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Riot on Capitol Hill direct assault on Constitution: Pentagon



Riot on Capitol Hill direct assault on Constitution: Pentagon

The Chief deemed the act as an “insurrection” while calling on the military to remain “ready” as Inauguration Day draws near.

The country’s top military leaders issued a letter on Tuesday blasting the violent disturbance that shook the nation’s capital last week, a rare reproach from the Joint Chiefs, who seldom wade into domestic political matters in the public sphere.

“The violent riot in Washington, DC on January 6, 2021, was a direct assault on the US Congress, the Capitol building, and our Constitutional process,” the letter reads.

“We witnessed actions inside the Capitol building that was inconsistent with the rule of law. The rights of freedom of speech and assembly do not give anyone the right to resort to violence, sedition, and insurrection.”

The Joint Chiefs – an advisory body that includes the top uniformed officials in each branch of the military – called on service members deployed overseas and in the country to “stay ready, keep your eyes on the horizon, and remain focused on the mission” as Inauguration Day approaches, insisting that on January 20, “President-elect Joe Biden will be inaugurated and will become our 46th Commander in Chief.”

“As Service Members, we must embody the values and ideas of the Nation. We support and defend the Constitution,” they said, adding: “Any act to disrupt the Constitutional process is not only against our traditions, values, and oath; it is against the law,”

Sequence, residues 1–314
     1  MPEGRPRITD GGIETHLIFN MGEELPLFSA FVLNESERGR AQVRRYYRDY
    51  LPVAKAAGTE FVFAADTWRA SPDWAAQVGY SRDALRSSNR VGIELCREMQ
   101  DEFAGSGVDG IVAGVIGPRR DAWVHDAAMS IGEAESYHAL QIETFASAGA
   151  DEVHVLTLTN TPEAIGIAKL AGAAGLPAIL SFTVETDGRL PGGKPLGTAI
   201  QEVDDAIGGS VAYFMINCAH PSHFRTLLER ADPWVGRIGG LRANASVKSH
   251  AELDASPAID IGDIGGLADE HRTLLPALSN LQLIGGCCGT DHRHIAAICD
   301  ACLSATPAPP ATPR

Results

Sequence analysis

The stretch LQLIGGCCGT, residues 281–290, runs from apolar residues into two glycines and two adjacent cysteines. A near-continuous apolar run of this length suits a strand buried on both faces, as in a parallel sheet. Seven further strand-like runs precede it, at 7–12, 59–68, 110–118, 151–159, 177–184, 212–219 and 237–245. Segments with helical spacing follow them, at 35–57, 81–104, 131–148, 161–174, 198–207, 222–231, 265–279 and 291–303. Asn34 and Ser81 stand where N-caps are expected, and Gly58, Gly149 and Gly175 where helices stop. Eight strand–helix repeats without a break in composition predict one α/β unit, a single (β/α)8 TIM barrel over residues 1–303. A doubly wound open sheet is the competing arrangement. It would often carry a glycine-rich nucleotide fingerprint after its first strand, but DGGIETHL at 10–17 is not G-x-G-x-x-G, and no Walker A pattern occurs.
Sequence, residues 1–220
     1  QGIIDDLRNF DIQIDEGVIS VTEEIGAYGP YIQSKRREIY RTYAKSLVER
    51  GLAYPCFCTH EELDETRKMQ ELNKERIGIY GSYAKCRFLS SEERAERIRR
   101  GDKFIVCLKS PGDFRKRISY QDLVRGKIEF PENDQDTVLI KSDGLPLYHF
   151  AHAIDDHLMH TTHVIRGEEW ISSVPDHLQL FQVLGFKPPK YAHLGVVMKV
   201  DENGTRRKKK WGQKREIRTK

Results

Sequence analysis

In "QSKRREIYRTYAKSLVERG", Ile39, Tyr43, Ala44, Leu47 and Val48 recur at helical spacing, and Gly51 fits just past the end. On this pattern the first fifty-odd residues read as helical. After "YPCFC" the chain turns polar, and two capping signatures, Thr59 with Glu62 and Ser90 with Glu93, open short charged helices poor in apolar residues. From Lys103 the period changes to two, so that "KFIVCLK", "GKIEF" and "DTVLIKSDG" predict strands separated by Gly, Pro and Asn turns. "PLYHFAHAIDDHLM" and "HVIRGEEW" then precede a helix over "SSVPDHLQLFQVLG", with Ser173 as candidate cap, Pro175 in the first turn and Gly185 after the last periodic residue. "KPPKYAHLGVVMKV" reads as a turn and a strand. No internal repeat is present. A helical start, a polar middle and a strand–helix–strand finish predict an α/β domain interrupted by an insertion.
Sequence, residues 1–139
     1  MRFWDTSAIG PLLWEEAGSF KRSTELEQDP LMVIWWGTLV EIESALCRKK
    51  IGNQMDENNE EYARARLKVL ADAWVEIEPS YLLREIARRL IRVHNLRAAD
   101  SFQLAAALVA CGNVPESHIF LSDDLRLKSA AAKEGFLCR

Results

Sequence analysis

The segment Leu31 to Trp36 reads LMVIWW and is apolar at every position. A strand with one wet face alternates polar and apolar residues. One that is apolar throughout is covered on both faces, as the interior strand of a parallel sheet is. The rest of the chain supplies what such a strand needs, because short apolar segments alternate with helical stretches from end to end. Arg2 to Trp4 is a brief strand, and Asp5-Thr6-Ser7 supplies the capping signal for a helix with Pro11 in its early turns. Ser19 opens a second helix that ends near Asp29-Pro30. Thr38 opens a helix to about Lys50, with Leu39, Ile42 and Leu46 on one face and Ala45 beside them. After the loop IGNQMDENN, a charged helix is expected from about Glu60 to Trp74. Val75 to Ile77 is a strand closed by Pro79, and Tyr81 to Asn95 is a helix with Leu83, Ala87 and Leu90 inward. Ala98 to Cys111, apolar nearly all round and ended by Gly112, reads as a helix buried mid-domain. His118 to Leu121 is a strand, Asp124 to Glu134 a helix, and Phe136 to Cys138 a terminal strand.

The letter also noted those who lost their lives amid the chaos in the Capitol last Wednesday, in which a crowd of supporters of President Donald Trump forced its way into the building as Congress convened to certify the 2020 election results, prompting an evacuation of lawmakers and staff.

“We mourn the deaths of the two Capitol policemen and others connected to these unprecedented events,” the letter continued, referring to an officer who reportedly died after being bashed in the head with a fire extinguisher during the riot, and another who took his own life days after the incident. Another woman was fatally shot by police inside the Capitol, while three others perished due to “medical emergencies,” one of whom suffered a heart attack.

While Trump and his backers have repeatedly alleged endemic fraud in the 2020 race, the president has taken a more conciliatory tone after last Wednesday’s riot, saying his main focus will be to oversee an “orderly” and “seamless” transition to a Biden administration in the final days of his presidency. Nonetheless, Big Tech companies have moved aggressively to expel Trump and his supporters from their platforms since the unrest erupted in DC, while Democratic lawmakers have renewed discussions of impeachment, claiming the president incited an “insurrection.”